UCSB creates ‘Fellowships for Justice’ program
The UCSB graduate division’s diversity head stated that supporting minority students is the “most important action” for the school.
The Racial Justice Fellows will receive more than double the stipend funding offered to students completing summer research in the mathematics department.
The University of California-Santa Barbara will grant four “Racial Justice Fellowships” per year to graduate students, complete with a generous stipend.
The University of California-Santa Barbara will offer “Racial Justice Fellowships,” complete with covered costs and additional stipends.
According to the university’s official news service, the program exists to “enhance the recruitment of graduate students committed to teaching, research and mentorship around racial justice.”
[RELATED: Think tank counters Critical Race Theory with 'liberty and justice for all' message]
Each fellow will receive $8,000 in summer funding for three years, in addition to five years of full funding. Four fellowship slots will be offered to each class.
Several heads of UCSB academic departments will nominate students to the program.
[RELATED: Harvard Public Health promotes article questioning if 2 plus 2 equals 4]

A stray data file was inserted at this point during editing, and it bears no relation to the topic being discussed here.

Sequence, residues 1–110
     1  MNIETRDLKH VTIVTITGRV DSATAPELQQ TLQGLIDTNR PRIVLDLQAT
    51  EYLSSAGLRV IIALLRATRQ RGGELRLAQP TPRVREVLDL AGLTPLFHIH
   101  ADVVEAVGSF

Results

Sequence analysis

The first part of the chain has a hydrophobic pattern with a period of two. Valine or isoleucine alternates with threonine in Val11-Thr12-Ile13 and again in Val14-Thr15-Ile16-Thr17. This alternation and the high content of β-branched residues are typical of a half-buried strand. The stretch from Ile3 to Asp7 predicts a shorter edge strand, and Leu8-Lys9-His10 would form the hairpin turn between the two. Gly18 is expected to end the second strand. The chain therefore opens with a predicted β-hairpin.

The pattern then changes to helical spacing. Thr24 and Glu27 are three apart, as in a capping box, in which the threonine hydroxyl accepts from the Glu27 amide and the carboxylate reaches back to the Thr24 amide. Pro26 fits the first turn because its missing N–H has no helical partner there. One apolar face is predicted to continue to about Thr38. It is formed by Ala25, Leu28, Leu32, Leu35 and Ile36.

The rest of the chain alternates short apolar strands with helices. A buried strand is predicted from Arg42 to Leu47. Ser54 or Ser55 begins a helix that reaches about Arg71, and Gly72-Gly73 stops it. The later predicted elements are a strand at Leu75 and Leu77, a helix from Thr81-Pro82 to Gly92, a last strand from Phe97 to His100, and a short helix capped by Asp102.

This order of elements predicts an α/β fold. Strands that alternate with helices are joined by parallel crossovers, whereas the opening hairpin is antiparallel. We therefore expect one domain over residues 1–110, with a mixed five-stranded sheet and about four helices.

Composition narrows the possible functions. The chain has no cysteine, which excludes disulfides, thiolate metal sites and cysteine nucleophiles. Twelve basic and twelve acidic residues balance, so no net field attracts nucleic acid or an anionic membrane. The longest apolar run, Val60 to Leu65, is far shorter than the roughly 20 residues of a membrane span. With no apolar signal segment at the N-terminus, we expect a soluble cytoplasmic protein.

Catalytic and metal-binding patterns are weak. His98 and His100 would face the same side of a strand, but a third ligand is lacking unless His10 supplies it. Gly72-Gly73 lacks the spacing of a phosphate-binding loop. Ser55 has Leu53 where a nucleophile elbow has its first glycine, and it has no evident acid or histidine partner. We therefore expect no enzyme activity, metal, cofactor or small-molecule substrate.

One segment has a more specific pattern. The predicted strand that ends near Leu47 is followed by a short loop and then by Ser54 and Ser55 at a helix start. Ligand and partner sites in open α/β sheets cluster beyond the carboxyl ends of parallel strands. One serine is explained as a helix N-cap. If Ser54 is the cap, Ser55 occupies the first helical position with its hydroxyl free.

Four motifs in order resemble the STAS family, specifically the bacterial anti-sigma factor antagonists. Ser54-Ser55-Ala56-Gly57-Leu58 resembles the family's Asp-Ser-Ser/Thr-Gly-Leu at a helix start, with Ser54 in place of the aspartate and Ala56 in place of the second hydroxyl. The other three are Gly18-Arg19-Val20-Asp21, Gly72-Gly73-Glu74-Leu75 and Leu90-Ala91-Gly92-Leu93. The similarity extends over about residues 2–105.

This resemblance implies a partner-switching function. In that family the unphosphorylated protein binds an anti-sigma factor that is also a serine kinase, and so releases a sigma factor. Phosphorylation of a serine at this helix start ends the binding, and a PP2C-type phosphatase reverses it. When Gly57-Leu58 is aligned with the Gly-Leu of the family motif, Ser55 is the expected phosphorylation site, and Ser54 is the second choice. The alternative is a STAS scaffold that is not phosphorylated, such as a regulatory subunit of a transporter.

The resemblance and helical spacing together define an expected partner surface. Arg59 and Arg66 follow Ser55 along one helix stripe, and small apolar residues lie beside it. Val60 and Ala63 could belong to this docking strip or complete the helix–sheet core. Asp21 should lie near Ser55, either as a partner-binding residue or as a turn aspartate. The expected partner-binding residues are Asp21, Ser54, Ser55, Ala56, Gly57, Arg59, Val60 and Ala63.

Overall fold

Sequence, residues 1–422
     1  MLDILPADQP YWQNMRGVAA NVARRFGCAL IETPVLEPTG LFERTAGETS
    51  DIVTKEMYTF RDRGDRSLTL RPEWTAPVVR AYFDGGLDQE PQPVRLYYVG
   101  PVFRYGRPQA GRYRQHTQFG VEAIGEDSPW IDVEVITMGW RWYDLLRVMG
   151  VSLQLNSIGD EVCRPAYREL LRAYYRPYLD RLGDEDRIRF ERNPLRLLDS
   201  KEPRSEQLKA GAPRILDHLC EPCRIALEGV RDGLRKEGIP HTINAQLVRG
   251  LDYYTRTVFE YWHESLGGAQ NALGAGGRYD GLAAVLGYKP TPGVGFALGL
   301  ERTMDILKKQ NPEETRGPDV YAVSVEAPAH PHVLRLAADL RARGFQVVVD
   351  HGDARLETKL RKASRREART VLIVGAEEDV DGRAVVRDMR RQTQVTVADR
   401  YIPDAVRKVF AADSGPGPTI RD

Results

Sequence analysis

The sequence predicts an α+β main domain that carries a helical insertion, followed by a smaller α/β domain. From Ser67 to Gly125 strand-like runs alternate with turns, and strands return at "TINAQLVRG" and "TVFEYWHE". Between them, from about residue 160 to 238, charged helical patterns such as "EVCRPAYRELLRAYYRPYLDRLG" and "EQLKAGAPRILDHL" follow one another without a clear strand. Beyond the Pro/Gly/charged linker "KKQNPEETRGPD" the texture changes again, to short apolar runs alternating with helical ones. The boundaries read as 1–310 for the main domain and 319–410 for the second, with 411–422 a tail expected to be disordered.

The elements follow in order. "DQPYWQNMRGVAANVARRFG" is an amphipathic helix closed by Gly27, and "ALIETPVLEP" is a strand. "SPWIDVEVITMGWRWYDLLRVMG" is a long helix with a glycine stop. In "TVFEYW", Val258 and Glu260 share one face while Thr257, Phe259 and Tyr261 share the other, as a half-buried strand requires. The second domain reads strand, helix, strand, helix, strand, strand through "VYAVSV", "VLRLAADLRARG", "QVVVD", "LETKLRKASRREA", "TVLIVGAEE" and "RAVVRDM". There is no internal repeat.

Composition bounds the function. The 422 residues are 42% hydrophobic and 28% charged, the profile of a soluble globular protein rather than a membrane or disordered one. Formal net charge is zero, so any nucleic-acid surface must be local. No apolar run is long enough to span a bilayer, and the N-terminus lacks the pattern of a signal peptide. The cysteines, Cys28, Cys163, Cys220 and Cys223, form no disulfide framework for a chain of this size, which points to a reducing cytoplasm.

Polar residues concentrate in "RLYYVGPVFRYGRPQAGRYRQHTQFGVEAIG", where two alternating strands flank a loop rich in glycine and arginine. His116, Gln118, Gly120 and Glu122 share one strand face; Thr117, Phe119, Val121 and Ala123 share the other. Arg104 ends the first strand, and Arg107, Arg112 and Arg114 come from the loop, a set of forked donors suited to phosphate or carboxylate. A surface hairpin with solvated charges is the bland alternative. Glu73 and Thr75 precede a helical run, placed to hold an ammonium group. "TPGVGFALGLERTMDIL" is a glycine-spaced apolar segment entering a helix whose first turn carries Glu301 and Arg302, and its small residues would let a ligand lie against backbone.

Graduate division director of admissions, outreach, and diversity Walter Boggan told the university’s news service that "the Racial Justice Fellowship Program is desperately needed and right on time.”
He said that highlighting a commitment to minority students is the “most important action by the UC Santa Barbara Graduate Division and deans from across all disciplines.”
The $8,000 stipends are comparable to the approximately $9,650 summer stipends granted by UCSB’s Beckman Scholars Program, which assists students studying biology, chemistry, and related fields.
The Racial Justice Fellows will receive more than double the funding of students in the UCSB Mathematics Summer Research Program for Undergraduates, who receive $3,500.
Campus Reform reached out to UCSB for comment and will update this article accordingly.
Follow the author of this article on Twitter: @BenZeisloft